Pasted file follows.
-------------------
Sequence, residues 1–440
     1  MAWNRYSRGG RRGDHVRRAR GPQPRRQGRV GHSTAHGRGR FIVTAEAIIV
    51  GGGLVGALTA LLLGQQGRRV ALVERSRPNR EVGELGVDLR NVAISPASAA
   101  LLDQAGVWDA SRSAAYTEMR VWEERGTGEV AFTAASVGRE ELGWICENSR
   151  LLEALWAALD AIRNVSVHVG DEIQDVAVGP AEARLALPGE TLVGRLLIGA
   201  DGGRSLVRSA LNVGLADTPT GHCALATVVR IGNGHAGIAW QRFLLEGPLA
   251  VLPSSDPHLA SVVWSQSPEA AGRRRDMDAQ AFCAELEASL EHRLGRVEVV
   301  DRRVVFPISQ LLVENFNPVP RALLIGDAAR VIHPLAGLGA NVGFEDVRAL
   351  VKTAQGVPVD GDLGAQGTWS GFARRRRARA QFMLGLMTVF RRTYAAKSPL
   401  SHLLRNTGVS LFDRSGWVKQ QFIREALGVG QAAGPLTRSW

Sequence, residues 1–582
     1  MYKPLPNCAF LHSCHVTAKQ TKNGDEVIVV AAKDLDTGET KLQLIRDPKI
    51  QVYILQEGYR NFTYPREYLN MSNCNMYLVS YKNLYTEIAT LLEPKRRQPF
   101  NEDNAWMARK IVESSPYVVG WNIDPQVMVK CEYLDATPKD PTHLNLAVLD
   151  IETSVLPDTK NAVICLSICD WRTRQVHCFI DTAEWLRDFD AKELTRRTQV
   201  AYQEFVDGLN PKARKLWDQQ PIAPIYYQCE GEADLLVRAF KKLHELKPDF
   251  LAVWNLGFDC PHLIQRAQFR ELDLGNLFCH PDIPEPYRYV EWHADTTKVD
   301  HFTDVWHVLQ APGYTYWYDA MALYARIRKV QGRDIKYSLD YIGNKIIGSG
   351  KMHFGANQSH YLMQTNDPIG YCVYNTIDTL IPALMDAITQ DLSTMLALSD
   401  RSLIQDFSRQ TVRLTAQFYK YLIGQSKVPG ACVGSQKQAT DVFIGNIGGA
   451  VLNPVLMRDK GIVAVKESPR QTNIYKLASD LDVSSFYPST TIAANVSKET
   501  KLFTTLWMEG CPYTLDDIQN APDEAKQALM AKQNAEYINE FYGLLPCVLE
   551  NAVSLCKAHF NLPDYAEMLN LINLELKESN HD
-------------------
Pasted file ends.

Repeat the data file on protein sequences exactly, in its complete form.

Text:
Sequence, residues 1–440
     1  MAWNRYSRGG RRGDHVRRAR GPQPRRQGRV GHSTAHGRGR FIVTAEAIIV
    51  GGGLVGALTA LLLGQQGRRV ALVERSRPNR EVGELGVDLR NVAISPASAA
   101  LLDQAGVWDA SRSAAYTEMR VWEERGTGEV AFTAASVGRE ELGWICENSR
   151  LLEALWAALD AIRNVSVHVG DEIQDVAVGP AEARLALPGE TLVGRLLIGA
   201  DGGRSLVRSA LNVGLADTPT GHCALATVVR IGNGHAGIAW QRFLLEGPLA
   251  VLPSSDPHLA SVVWSQSPEA AGRRRDMDAQ AFCAELEASL EHRLGRVEVV
   301  DRRVVFPISQ LLVENFNPVP RALLIGDAAR VIHPLAGLGA NVGFEDVRAL
   351  VKTAQGVPVD GDLGAQGTWS GFARRRRARA QFMLGLMTVF RRTYAAKSPL
   401  SHLLRNTGVS LFDRSGWVKQ QFIREALGVG QAAGPLTRSW

Sequence, residues 1–582
     1  MYKPLPNCAF LHSCHVTAKQ TKNGDEVIVV AAKDLDTGET KLQLIRDPKI
    51  QVYILQEGYR NFTYPREYLN MSNCNMYLVS YKNLYTEIAT LLEPKRRQPF
   101  NEDNAWMARK IVESSPYVVG WNIDPQVMVK CEYLDATPKD PTHLNLAVLD
   151  IETSVLPDTK NAVICLSICD WRTRQVHCFI DTAEWLRDFD AKELTRRTQV
   201  AYQEFVDGLN PKARKLWDQQ PIAPIYYQCE GEADLLVRAF KKLHELKPDF
   251  LAVWNLGFDC PHLIQRAQFR ELDLGNLFCH PDIPEPYRYV EWHADTTKVD
   301  HFTDVWHVLQ APGYTYWYDA MALYARIRKV QGRDIKYSLD YIGNKIIGSG
   351  KMHFGANQSH YLMQTNDPIG YCVYNTIDTL IPALMDAITQ DLSTMLALSD
   401  RSLIQDFSRQ TVRLTAQFYK YLIGQSKVPG ACVGSQKQAT DVFIGNIGGA
   451  VLNPVLMRDK GIVAVKESPR QTNIYKLASD LDVSSFYPST TIAANVSKET
   501  KLFTTLWMEG CPYTLDDIQN APDEAKQALM AKQNAEYINE FYGLLPCVLE
   551  NAVSLCKAHF NLPDYAEMLN LINLELKESN HD